Sunday, February 15, 2015

A 12-Hour Window for a Healthy Weight

Here’s what researchers at the Salk Institute in La Jolla, CA found out about mice.  The results were so striking that they were reported in the New York Times Magazine on 1/18/15.  Many people are trying out the pattern in advance of human studies, since it seems easy, sensible and safe.

 In 2012 Salk researchers published a study on mice who could consume high fat food and could not exercise.  The mice eating this food at all hours grew fat and sick and had symptoms of diabetes.  Another group, on the same diet, could eat only within an 8 hour window.  They gained a little weight but developed no metabolic problems.  This study was enlarged and repeated, with results published in the journal Cell Metabolism in December 2015.  This time, adult male mice were divided into 4 dietary groups – high fructose, high fat, high fat and high sucrose, and regular mouse kibble.  Some mice in each group were allowed to eat whenever they wanted, and others were restricted to feeding periods of 9, 12, or 15 hours.  The caloric intake for all the mice was the same.  At the end of 38 weeks, mice eating at all hours were generally obese and metabolically ill, as in the previous study.  However, the mice that ate within a 9 or 12 hour window remained ‘sleek and healthy’, even if they cheated occasionally on weekends by eating outside the window.  Also, mice switched out of an eat-anytime schedule to a time restricted one lost some of the weight they had gained.  Mice who ate regular kibble at fixed time periods  had less body fat than those who could eat whenever they wished.  The 15 hour window was not as effective as the 9 or 12 hour restriction.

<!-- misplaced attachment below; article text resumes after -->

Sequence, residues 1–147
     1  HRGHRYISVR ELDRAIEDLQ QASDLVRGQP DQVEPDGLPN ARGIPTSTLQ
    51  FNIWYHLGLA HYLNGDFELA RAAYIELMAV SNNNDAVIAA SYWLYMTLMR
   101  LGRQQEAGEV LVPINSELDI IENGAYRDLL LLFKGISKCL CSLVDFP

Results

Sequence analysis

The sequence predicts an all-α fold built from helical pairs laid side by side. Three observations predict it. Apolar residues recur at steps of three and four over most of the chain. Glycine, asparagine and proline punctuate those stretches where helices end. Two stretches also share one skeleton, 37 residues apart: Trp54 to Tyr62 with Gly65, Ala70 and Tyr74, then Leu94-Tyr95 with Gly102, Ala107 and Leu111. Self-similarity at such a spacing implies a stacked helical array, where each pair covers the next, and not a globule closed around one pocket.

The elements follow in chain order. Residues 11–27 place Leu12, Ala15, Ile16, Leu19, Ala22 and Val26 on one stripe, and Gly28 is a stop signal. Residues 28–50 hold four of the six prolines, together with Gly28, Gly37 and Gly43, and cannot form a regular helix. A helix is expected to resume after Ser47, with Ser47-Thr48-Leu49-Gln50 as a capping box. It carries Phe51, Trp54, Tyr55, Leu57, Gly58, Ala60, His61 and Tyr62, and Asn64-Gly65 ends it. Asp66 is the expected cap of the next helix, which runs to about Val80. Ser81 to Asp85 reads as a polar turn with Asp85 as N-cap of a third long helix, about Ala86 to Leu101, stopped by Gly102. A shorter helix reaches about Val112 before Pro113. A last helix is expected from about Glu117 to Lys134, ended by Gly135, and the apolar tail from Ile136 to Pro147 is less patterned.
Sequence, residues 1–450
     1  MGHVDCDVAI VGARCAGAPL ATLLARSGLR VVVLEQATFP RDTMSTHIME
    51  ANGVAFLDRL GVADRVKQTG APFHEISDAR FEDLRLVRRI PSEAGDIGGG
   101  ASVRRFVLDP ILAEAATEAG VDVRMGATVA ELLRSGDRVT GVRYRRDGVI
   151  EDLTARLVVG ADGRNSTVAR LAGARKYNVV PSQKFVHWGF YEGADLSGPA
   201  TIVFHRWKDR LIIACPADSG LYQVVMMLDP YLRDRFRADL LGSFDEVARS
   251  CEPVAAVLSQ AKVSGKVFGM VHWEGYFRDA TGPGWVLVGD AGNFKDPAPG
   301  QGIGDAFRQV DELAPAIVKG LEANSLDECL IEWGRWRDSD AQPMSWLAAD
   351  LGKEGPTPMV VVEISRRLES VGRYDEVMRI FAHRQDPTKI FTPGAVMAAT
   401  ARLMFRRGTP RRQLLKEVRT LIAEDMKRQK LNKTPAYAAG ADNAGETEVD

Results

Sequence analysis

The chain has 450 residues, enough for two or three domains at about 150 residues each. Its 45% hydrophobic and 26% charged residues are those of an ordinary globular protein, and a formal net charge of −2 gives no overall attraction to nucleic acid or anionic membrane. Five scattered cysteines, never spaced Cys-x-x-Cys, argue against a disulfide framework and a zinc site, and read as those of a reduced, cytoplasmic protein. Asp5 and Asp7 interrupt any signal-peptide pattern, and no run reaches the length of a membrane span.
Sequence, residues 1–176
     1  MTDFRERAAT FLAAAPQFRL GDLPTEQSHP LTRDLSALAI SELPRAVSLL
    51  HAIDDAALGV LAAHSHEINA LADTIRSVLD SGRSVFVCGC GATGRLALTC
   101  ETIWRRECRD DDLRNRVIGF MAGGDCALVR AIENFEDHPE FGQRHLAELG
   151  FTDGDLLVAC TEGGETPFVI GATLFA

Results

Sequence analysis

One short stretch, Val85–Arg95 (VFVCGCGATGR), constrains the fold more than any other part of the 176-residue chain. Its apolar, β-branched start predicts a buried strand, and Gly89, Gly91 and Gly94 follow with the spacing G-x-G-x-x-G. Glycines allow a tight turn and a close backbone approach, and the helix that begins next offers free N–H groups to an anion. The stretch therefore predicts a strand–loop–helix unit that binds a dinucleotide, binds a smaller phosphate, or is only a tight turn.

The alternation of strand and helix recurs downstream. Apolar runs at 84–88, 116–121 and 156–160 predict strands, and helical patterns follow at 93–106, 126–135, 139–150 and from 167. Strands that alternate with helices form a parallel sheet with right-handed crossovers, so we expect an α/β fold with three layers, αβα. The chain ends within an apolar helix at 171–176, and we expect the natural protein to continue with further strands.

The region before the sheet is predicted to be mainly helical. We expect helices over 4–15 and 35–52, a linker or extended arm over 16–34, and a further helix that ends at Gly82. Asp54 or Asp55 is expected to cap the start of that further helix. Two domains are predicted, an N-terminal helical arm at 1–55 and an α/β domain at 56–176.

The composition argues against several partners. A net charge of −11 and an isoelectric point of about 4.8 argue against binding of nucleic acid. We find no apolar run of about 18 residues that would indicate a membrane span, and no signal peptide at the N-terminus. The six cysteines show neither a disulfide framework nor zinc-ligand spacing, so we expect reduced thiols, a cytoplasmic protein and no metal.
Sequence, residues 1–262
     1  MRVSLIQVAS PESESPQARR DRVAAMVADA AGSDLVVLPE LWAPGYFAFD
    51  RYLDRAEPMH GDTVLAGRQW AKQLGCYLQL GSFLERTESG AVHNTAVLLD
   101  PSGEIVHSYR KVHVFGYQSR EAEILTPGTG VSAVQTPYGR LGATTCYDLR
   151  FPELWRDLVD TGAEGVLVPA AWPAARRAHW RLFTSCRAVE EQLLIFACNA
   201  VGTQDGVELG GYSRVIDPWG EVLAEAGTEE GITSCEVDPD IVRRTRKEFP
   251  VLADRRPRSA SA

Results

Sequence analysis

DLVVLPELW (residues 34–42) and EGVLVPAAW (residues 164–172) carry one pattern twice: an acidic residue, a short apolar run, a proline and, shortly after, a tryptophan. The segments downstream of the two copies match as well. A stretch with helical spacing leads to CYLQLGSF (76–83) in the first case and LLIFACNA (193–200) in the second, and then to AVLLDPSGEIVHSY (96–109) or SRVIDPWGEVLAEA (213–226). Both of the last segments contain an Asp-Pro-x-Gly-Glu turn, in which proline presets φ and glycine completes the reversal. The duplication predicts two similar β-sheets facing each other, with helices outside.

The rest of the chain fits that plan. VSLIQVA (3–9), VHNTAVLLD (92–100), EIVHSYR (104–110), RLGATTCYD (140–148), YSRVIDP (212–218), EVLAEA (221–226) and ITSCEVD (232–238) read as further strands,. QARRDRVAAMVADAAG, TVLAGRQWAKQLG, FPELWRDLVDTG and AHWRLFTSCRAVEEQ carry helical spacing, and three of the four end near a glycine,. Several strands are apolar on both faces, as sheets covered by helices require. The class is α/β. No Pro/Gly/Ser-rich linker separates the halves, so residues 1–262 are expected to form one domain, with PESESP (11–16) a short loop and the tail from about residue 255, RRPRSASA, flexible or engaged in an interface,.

The main researcher, Dr. Satchidananda Panda, is looking at connections between circadian rhythms  - the sleep-wake cycle, and eating patterns.  He has found that even those with genetic variations that may predispose to nighttime eating and weight gain can do well with a time-restricted pattern. He titled his press release “another case against the midnight snack”.  Dr. Panda also looked at gut microbes in the mouse intestine during a 24 hour period, and found a complex daily cycle, with some bacteria at high levels at night, and different ones peaking during the day.  These fluctuations disappear in obese mice, which may be a contributing factor to metabolic disease.  In addition, fluctuations in levels of bacteria in the gut can cause fluctuations in bile acids – microbes that play key roles in controlling cholesterol levels, fat absorption and body metabolism.
Dr. Panda and his group have written that human studies on time-restricted diets would be useful, but may not have started. 

I think a time restricted diet is sensible and sounds easy, especially if you choose the 12 hour interval,  It’s important to follow a good eating pattern – plenty of vegetables, fruits, healthy protein, including beans and whole grains, and healthy fat including olive oil. Avoid sugars, refined flours and junk food.  Remember that alcohol counts as food.   I’m trying a 7am to 7pm pattern and find it satisfying.  Going to bed without too much food in the stomach helps many people sleep.  I haven’t tried cheating on the weekend yet, but it sounds promising, and who wouldn’t want to look ‘sleek and healthy’?

Sadja Greenwood, MD, MPH

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